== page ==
Gil: So, there are some big concern here in Colorado, that the concentrates that are being made out of the cannabis plant are too potent, and possibly dangerously so. So, there is a debate that's going on right now. The bill that made it through part of our legislature. The general consensus is, it's too restrictive, and it lowers the potency too far and will affect medical patients. So, it's really this balancing act that's going on about what's too much and what's too little. So that's part of the, the potency battle is generally lowering it. It's just a question of where the cap is. And then the plants or volume count issue has actually gone down, because it was really, really big for medical patients for a long time. Like they can have a really large, they could go and buy a really large amount of marijuana at any one time, and so that's being reduced a little. The amount for recreational adults is being proposed to go up a little. And so it's sort of just balancing, like who can have how much when, and then they're also trying to establish a statewide system that can enforce that. Because, you know, there's a statewide system for medical cards, but other than that, there's just sort of laws that all of these dispensary's have to follow. And so you or I could go into one place and buy our maximum and drive down the street to another place and buy our maximum and those places are not talking to each other. Because there's no system, no state clearinghouse to say that, you know, Gil or Mario have already reached their limit for today. And, so, that's one of the other things that's in the works. Trying to sort of get everybody on the same network so that they can better understand what the public is doing. And it's also part of, you know, trying to make sure that it stays being used recreationally or medically for the purpose intended and not criminally, you know, cartels, not leaving the state. All the things that people worry about, the changes that are being made and proposed are to lock that down a little bit more and make sure that those sort of loopholes are avoided.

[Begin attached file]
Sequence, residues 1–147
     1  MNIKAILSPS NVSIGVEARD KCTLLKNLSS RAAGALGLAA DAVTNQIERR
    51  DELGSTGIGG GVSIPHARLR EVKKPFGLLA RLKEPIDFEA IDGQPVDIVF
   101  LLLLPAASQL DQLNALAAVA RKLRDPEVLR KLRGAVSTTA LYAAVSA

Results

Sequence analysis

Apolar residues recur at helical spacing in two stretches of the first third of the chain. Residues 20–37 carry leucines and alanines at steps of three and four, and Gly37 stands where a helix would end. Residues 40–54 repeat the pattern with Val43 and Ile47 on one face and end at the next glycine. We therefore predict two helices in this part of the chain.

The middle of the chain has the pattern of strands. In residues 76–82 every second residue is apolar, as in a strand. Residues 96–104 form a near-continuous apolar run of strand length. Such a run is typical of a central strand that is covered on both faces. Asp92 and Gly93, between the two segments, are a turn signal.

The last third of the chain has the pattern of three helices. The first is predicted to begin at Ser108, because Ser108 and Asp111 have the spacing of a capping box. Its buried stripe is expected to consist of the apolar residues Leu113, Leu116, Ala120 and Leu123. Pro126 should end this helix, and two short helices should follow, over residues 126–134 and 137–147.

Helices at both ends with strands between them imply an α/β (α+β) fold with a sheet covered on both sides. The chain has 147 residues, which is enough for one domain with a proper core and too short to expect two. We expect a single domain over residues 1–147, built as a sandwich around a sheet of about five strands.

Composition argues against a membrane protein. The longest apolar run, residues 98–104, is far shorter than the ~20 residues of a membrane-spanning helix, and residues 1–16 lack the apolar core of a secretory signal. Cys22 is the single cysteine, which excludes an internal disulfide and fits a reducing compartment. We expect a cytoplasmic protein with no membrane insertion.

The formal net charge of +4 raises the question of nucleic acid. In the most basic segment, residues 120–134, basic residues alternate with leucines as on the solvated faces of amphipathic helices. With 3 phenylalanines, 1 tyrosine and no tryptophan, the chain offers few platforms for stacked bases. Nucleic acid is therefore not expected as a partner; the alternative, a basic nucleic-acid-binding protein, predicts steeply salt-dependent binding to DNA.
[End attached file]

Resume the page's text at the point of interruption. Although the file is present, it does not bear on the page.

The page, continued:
Mario: And my apologies because I interrupted, but you said, where's that bill? Where's that bill now?
Gil: There's a couple of different bills that I sort of just glommed together when I was summarizing. There's one on, the one that deals solely with potency for medical patients, is on the Governor's desk. I believe that there is a pretty hard push for him to veto it and for it to get reworked. The ones that relate to the software system and the sort of clearing house that's, I believe, passed one half of the legislature, but that's expected to go all the way through. All of them are in this year's session. I don't know that all of them are passed yet. But when you read sort of what the lobbyists are saying, and the people that are helping writing them, you can sort of tell the ones that are likely to succeed, the ones that might have to go back to the drawing board. But the ones that I summarize for you seems to be the ones that are most likely to take effect.
Mario: And sort of the last little piece here, Gil, is, do you see room for industry growth in Colorado? And one of the reasons I ask is, because in Canada's specifically in Ontario, we're seeing retail, stores open, they remove the cap and now there's hundreds of stores and not all equally, geographically spread out. So you're seeing a real concentration of some stores in certain cities in certain areas of certain cities so much so that people are saying, hey, we're going to have to have a little bit of a you know, a pullback here because there's too many. So some people are saying you know, we also see licensed producer sitting on thousands of grams of unsold cannabis. So some of them are going to have to start pulling back production potentially. Are there some of those issues that Colorado has dealt with in the past a little bit of sort of maybe people got a little bit too far ahead of themselves and had to pull back or are you now sort of you know sort of stagnant or maybe stagnant isn't the right word but the cruising altitude and this is what it'll be like for a bit. Or, what are your thoughts on that?